Here is an interview with Anthony Hains, Author of the Horror Novel The Disembodied. The Disembodied was selected by Kindle Scout and published in August 2016 through Kindle Press.
Question: What was the original inspiring moment for this book (if there was one!)?
[Anthony] I was teaching a course on psychotherapy interventions for the doctoral students in our counseling psychology PhD program. We discussed techniques in light of “clients” we could find on YouTube. People routinely video blog their struggles, many in thoughtful ways. We were watching a video posted by a young man who was describing his symptoms of depersonalization disorder. I thought at the time what an interesting plot device for a horror novel. Within 30 seconds of this thought (and my internal exploration of a storyline involving this character’s haunting visions while experiencing depersonalization), one of my students blurts out, “hey, this guy would be a great character in a novel of yours.” I guess I’m a bit predictable.
Question: What was your favorite scene to write?
[Anthony] I love the entire book so it’s hard to decide. However, that said, I have a scene in a cemetery that actually exists in Kitty Hawk, NC. In the The Disembodied, my character, Griffin, visits the cemetery and has a physical altercation with his evil uncle. Then, he spies a (ghost) boy who plays a sinister role in his grandfather’s ghost stories. What made this special was that I scouted out the setting. I visited the cemetery on a visit to the Outer Banks and it is genuinely spooky and beautiful at the same time. I am attaching a picture.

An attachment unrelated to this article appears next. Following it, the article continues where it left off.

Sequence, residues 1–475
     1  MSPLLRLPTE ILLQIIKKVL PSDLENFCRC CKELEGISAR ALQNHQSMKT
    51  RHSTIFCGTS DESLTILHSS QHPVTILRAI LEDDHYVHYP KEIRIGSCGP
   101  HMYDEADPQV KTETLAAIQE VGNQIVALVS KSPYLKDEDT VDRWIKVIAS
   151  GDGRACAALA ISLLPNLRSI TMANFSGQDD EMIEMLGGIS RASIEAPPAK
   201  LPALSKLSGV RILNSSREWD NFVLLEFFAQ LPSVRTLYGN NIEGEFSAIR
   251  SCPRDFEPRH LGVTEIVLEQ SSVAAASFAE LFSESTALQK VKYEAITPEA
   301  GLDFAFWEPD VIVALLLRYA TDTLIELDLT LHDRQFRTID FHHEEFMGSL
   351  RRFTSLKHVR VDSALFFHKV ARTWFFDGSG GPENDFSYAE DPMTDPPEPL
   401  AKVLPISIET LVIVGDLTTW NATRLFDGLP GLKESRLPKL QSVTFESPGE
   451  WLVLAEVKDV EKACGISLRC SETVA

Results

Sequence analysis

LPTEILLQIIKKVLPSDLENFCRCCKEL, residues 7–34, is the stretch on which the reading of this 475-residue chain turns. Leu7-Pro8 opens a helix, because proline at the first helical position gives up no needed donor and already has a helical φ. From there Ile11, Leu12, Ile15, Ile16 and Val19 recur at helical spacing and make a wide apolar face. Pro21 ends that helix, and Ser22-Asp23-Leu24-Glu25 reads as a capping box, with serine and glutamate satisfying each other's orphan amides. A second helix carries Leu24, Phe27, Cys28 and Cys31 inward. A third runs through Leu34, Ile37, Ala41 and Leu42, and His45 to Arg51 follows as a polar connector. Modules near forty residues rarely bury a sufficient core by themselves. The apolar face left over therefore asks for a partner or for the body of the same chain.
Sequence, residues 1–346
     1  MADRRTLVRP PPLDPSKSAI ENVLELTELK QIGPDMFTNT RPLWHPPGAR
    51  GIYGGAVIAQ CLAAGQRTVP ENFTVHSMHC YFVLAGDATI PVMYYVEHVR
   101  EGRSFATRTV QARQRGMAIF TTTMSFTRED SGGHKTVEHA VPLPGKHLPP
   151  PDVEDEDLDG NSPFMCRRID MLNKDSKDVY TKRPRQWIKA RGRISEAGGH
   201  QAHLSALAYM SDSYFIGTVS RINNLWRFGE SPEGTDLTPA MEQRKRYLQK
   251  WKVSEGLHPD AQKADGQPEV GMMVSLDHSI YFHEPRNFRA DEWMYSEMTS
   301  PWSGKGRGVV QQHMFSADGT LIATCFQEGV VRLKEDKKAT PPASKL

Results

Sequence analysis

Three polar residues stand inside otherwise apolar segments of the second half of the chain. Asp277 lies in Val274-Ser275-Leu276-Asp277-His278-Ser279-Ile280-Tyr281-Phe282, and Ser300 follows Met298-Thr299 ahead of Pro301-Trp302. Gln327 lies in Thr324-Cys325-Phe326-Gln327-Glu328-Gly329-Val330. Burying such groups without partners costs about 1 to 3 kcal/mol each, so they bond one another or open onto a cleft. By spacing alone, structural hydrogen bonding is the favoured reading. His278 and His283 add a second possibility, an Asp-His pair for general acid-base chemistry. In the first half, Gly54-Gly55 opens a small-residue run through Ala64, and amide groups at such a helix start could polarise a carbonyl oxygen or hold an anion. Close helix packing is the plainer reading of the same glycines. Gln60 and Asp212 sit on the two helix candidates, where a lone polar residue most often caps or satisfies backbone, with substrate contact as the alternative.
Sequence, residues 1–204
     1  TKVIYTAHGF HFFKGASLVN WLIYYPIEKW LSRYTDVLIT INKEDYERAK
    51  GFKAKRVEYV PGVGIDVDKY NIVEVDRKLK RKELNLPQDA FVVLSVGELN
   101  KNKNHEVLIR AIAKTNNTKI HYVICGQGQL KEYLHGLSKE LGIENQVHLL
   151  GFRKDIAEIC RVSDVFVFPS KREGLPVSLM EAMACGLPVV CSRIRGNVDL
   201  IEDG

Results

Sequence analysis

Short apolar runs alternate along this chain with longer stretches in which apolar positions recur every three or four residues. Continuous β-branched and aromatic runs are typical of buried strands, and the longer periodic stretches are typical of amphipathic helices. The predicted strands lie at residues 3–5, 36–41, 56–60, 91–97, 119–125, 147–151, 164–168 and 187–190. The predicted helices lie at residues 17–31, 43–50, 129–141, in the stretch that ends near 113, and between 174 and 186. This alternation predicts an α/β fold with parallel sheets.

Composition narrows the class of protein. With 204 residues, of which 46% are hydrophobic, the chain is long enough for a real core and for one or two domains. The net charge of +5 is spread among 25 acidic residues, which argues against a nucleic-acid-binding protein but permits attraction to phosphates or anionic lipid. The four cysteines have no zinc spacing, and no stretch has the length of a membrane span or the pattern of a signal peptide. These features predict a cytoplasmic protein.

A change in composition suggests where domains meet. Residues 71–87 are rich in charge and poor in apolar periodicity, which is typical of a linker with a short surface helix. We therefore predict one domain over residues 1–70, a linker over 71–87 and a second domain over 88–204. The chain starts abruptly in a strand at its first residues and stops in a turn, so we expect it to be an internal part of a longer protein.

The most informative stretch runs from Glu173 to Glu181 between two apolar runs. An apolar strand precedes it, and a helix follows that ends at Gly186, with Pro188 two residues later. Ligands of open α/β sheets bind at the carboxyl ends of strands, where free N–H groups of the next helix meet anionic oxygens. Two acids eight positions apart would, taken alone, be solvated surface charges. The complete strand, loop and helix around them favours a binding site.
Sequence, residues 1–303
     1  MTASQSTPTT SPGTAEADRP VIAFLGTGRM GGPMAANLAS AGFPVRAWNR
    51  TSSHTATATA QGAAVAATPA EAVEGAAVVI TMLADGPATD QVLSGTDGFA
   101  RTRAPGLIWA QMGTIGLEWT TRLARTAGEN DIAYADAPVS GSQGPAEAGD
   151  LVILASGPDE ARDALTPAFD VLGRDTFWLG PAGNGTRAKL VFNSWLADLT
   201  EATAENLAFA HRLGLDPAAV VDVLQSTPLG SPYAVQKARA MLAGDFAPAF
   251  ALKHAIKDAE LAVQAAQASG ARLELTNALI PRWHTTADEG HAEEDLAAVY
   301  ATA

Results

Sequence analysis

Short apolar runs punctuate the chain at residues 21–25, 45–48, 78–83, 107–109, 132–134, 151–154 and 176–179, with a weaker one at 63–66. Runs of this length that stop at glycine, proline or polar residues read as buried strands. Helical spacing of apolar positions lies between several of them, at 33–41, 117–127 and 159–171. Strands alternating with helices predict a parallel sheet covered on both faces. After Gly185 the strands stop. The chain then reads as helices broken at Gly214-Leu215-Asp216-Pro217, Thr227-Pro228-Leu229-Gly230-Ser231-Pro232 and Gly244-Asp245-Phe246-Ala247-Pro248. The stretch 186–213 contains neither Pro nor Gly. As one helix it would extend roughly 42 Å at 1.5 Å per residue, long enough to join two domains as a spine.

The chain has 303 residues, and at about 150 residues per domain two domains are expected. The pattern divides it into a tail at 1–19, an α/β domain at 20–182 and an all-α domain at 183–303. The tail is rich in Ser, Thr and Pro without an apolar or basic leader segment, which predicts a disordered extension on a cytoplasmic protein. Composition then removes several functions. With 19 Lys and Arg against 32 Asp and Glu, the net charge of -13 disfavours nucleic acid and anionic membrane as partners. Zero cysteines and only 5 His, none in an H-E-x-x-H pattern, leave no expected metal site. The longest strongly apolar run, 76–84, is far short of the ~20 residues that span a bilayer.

Question: What was the most challenging scene to write?
[Anthony] I find action scenes especially difficult in general. The exorcism scene towards the end, while not as in-depth of other fictional exorcisms, was especially difficult to pace.
Question: How has your psychology background informed your writing?
[Anthony] My specialization is pediatric psychology and, as a result, many of major characters are teenagers. I try to tie in a strong psychological component to each story. And, more importantly, make a theoretically and scientifically accurate portrayal of psychology.
Question: What are three books your recommend to others?
[Anthony] Horror stories: The Exorcist, The Shining, A Good and Happy Child. Non-Horror: Anything by Kent Haruf, Skippy Dies, Bone Clocks.
Question: If you could go back and give yourself one piece of advice before you started writing this book, what would it be?
[Anthony] Relax. Control what you can and let go what you can’t.